Legislative Session Update: State Parks and Trails Need Your Help
With the state legislature in final negotiations over the budget for 2015-2017, here's where things stand for trails. Let your legislators know that you value funding for public lands.
Now that Governor Inslee, the House of Representatives and the Senate have come out with their respective state budget proposals, the hard work of negotiating a final budget for the next biennium (2015-2017) is just beginning. We’re optimistic that at the end of the day, parks, recreation lands and trails will be supported and funded by lawmakers but to get to that point we’ll need your help.
Now is the time to let your legislators know that you value places like Riverside State Park in Spokane, Tiger Mountain State Forest in Issaquah and the Teanaway Community Forest in Cle Elum. These important public lands must be supported to ensure that we continue to have incredible places to hike, bike and camp.
Here’s a run-down on how things stand in the House and Senate:
Outdoor recreation bill passes Legislature, on to Governor's desk!
You did it!
As of 4:30pm today and in a big win for outdoor recreation, the legislature passed a great bill that we’ve be supporting – SB 5843. The bill will appoint a senior policy advisor to the governor who will promote and increase opportunities for outdoor recreation in Washington state. The bill will also renew the No Child Left Inside program, which provides grants to Washington state outdoor education and recreation programs for youth.
Status: The bill is now on its way to Governor Inslee's desk where we anticipate that he will sign it into law.
State Parks operating budget
State Parks’ operating budget covers maintenance and operational items like staff paychecks. Without adequate funding, State Parks stands to lose staff and possibly face park service and visitation reductions.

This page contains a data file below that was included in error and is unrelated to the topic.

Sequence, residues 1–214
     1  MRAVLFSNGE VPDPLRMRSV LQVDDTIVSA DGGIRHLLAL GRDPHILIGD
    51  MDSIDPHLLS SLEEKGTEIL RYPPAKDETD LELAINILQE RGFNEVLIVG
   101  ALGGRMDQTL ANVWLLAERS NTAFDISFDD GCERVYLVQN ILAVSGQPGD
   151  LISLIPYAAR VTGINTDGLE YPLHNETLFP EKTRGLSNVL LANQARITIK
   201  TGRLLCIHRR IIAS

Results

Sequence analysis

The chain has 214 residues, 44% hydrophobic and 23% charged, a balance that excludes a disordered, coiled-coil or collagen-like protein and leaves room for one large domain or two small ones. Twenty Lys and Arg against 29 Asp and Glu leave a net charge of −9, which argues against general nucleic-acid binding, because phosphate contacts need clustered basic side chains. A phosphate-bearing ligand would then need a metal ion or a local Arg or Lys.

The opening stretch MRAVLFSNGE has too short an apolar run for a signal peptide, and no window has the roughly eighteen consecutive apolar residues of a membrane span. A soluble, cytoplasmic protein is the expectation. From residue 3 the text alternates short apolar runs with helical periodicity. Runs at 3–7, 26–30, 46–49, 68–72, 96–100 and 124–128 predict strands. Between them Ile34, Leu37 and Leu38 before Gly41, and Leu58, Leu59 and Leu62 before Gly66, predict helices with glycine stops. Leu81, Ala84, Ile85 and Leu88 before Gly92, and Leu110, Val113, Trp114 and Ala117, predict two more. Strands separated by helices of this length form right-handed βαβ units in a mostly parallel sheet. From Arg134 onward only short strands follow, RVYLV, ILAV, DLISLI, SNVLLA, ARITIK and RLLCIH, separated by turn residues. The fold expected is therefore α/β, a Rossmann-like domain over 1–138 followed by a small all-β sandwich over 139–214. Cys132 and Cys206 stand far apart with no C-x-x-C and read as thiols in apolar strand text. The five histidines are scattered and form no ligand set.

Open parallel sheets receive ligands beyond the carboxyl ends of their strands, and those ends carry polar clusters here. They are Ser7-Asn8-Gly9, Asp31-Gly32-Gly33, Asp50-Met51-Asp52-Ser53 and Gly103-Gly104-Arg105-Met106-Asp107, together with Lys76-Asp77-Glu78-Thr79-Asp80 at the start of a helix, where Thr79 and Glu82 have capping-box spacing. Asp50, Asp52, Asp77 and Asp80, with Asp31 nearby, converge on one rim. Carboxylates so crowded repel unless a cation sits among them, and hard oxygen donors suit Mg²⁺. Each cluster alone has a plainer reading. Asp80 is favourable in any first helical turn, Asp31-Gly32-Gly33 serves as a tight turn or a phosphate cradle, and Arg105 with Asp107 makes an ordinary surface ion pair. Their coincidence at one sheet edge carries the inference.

House: State Parks would receive $39 million, which is the same amount proposed in the Governor’s budget. This is an $18 million increase from the current (2013-2015) biennium.
Senate: State Park would receive $15 million, which is $5 million less than the current biennium. This reduction in funding would cut more than 100 full-time jobs and likely lead to park service and visit reductions.
WTA joins other recreation and conservation organizations such as the Washington State Parks Fund, The Mountaineers, Evergreen Mountain Bike Alliance and others in asking the Senate to meet or come close to the Governor’s and House’s $39 million proposal.
Department of Natural Resources operating budget
WTA is a member of the Teanaway Community Forest Advisory Committee. The community forest is the first of its kind in Washington state. The advisory committee and state agencies have produced a draft management plan, including the recommendation to plan for recreation and trails. The Department of Natural Resources put in a request for the Teanaway Community Forest, which would provide funding for recreation planning and general management of the forest, including the campgrounds in the forest and law enforcement.
House: The Teanaway Community Forest would receive $1.945 million, which adequately funds recreation planning, law enforcement and other management needs.
Senate: The Teanaway Community Forest would receive $282,000, which would only fund law enforcement and would leave the community forest severely underfunded for management needs, including recreation planning.